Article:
Researchers have identified a gene that may promote insulin resistance, one of the key factors in the development of Type 2 diabetes. Imperial College London scientists say the IRS1 gene controls how the body responds to insulin, and that a variation in the gene's DNA promotes insulin resistance. They say the discovery could lead to new drug treatments that target the genetic problem and make the body use its insulin more effectively. Another step in understanding Dr Iain Frame, Director of Research at Diabetes UK, said: "Any research that advances our knowledge of the causes and possible new treatments for Type 2 diabetes should be viewed as a good thing.
A new study in animals demonstrates that a diet rich in coconut oil protects against 'insulin resistance' (an impaired ability of cells to respond to insulin) in muscle and fat. The diet also avoids the accumulation of body fat caused by other high fat diets of similar calorie content. Together these findings are important because obesity and insulin resistance are major factors leading to the development of Type 2 diabetes. The study is also interesting because it helps explain human studies showing that people who incorporate medium chain 'fatty acids', such as those found in coconut oil, into their diets can lose body fat. Dr Nigel Turner and Associate Professor Jiming Ye, from Sydney's Garvan Institute of Medical Research, compared fat metabolism and insulin resistance in mice fed coconut oil and lard based diets.
Though most Americans are familiar with completing a questionnaire about their family health history when visiting health care providers, an independent panel was convened by the National Institutes of Health this week to critically assess exactly what we know and what we need to learn about how this process relates to improving health. The conference focused on the use of family history in the primary care setting for common diseases such as diabetes, stroke, cancer, and heart disease. The panel has released their findings in a statement that is available at http://consensus.nih.gov. Reporting a positive history of a family disease or condition to a health care provider could prompt a range of next steps, from lifestyle changes including diet and exercise to referral to genetic services or other specialists.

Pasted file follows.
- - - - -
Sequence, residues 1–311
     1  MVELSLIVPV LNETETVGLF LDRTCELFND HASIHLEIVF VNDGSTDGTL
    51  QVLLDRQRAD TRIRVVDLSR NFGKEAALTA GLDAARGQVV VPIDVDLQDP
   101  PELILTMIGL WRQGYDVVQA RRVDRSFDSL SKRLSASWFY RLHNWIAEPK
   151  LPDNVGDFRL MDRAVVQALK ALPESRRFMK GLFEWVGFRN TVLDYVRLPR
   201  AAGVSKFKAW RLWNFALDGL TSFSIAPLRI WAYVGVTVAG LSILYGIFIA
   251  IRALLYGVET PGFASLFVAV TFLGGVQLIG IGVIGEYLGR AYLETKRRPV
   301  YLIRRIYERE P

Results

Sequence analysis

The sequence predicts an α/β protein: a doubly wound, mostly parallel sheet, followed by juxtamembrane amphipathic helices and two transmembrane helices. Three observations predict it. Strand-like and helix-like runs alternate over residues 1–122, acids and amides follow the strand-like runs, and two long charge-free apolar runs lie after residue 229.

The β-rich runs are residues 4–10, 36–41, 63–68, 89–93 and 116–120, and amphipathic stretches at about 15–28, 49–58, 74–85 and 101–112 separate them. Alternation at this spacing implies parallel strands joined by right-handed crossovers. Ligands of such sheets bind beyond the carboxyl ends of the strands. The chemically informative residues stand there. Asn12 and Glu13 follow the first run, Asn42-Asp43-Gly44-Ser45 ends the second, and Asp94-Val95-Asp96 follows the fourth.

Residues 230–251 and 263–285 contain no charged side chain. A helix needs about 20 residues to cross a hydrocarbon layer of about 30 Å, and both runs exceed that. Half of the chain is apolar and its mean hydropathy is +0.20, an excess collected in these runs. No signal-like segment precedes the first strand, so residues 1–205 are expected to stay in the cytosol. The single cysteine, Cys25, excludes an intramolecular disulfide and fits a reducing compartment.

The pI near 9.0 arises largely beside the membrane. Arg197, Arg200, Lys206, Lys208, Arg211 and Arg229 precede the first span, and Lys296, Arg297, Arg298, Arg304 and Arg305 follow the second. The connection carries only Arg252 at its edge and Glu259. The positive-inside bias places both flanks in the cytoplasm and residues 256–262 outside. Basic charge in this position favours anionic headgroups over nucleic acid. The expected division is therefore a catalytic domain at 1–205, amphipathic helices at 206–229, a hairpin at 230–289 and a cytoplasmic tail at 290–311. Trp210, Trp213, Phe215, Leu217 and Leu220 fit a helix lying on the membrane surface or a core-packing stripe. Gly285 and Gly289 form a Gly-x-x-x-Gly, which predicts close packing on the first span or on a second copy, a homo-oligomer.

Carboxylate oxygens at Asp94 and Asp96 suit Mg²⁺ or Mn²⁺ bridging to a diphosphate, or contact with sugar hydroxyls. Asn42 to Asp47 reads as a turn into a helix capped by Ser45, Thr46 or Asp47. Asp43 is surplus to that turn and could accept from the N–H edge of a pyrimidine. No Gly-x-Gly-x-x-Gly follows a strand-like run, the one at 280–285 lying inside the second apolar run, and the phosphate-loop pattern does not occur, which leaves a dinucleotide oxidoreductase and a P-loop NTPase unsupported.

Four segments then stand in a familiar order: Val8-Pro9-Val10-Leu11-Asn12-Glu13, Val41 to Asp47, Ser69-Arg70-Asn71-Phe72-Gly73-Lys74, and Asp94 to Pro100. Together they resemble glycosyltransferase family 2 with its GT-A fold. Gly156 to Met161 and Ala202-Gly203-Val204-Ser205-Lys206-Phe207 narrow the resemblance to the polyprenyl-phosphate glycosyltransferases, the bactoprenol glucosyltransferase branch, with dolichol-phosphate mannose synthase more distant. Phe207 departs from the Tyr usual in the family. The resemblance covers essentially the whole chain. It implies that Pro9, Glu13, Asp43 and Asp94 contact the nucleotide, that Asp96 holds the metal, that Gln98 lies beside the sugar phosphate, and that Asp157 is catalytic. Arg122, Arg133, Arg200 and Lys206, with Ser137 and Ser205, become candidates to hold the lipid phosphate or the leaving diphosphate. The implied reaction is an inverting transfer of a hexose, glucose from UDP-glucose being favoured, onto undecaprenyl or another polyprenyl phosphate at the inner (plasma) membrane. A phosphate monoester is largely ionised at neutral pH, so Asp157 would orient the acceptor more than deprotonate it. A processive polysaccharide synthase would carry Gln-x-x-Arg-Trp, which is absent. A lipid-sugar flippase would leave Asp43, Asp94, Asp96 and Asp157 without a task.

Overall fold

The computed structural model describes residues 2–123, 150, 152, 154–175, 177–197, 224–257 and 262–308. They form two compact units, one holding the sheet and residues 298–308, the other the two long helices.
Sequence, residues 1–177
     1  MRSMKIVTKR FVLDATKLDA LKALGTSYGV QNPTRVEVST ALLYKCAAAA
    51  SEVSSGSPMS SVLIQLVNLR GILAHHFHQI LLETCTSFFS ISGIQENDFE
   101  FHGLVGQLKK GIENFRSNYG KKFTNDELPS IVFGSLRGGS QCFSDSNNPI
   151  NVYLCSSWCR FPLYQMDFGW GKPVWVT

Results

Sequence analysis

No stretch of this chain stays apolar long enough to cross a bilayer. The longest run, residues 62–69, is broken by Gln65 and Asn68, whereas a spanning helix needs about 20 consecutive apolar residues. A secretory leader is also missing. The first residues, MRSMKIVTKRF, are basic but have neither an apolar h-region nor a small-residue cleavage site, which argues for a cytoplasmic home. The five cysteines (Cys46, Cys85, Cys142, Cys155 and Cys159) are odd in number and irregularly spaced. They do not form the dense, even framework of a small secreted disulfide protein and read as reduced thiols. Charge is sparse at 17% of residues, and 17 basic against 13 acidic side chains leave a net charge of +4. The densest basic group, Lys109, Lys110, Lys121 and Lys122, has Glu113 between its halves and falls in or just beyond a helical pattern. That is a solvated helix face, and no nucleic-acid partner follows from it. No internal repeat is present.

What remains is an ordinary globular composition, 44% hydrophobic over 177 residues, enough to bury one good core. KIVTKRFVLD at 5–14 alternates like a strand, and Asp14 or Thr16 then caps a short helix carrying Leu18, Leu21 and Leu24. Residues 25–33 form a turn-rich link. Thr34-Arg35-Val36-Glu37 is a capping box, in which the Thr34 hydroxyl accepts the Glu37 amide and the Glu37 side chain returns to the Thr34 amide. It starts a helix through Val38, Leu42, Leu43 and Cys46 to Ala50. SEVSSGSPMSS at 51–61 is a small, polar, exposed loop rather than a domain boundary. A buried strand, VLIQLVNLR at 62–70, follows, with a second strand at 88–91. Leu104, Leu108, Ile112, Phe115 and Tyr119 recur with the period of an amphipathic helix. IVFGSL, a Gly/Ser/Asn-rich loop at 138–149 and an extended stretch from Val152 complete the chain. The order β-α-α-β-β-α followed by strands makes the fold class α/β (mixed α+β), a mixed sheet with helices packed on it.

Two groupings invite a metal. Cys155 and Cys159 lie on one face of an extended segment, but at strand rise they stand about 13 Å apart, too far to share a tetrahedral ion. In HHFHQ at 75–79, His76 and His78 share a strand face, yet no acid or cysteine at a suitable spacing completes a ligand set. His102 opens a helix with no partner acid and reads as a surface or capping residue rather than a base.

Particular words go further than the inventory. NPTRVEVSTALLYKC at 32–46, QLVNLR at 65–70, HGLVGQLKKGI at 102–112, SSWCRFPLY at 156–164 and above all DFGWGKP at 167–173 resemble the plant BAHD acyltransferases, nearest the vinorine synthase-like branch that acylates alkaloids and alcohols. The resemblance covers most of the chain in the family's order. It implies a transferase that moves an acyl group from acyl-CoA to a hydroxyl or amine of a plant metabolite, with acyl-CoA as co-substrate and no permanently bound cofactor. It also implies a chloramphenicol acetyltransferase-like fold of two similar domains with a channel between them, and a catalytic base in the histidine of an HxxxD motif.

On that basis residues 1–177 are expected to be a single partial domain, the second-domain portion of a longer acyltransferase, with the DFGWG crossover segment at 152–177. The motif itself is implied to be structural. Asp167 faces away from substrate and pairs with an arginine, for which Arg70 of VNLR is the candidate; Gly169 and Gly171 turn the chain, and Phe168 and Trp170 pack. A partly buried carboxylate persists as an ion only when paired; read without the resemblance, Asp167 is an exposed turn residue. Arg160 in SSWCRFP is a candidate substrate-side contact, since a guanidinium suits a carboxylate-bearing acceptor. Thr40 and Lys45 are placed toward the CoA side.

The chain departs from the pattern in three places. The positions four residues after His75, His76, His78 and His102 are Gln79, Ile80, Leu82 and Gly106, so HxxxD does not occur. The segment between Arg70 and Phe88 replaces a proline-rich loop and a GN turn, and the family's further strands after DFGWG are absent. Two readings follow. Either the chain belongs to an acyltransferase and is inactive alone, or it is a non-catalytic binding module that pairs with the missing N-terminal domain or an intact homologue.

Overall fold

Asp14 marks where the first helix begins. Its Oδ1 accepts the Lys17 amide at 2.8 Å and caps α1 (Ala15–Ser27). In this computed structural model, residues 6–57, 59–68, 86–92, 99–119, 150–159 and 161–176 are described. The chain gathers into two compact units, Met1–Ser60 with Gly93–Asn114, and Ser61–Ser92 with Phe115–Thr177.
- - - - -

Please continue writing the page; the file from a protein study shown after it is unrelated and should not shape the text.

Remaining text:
University of Michigan researchers have identified a gene that acts as a master switch to control obesity in mice. When the switch is turned off, even high-fat-diet mice remain thin. Deleting the gene, called IKKE, also appears to protect mice against conditions that, in humans, lead to Type 2 diabetes, which is associated with obesity and is on the rise among Americans, including children and adolescents. If follow-up studies show that IKKE is tied to obesity in humans, the gene and the protein it makes will be prime targets for the development of drugs to treat obesity, diabetes and complications associated with those disorders, said Alan Saltiel, the Mary Sue Coleman Director of the U-M Life Sciences Institute.
A breakthrough by an international team of researchers in Canada, France, the UK and Denmark has uncovered a new gene that could lead to better treatment of type 2 diabetes, as well as a better understanding of how this widespread disease develops. Unlike most of the genes that have been shown to cause diabetes, the new gene, called Insulin Receptor Substrate 1 (IRS1), doesn't affect how insulin is created in the pancreas, but rather, how the body responds to insulin already in the bloodstream, say the researchers, whose work will be published in Nature Genetics Sept. 6. "Most of the genes that we've identified as diabetes risk genes to date reduce the function of the pancreas, specifically of beta cells in the pancreas that make insulin, " explained Dr.
Dr Brian Karet has been appointed Diabetes UK Chief Medical Advisor (Primary Care), a newly-created position jointly sponsored by Diabetes UK and the Royal College of General Practitioners (RCGP). In his new role, which will take up one day a week alongside his current position, Dr Karet will be the Chief Medical Advisor for Diabetes UK and the Clinical Lead for Diabetes for the RCGP. He will ensure that the Government, professional representative bodies, senior figures in the professions, and our 6, 000 healthcare professional members, recognise that Diabetes UK is at the forefront of shaping the future of diabetes care and research with the purpose of ensuring the highest possible quality of care for people with diabetes.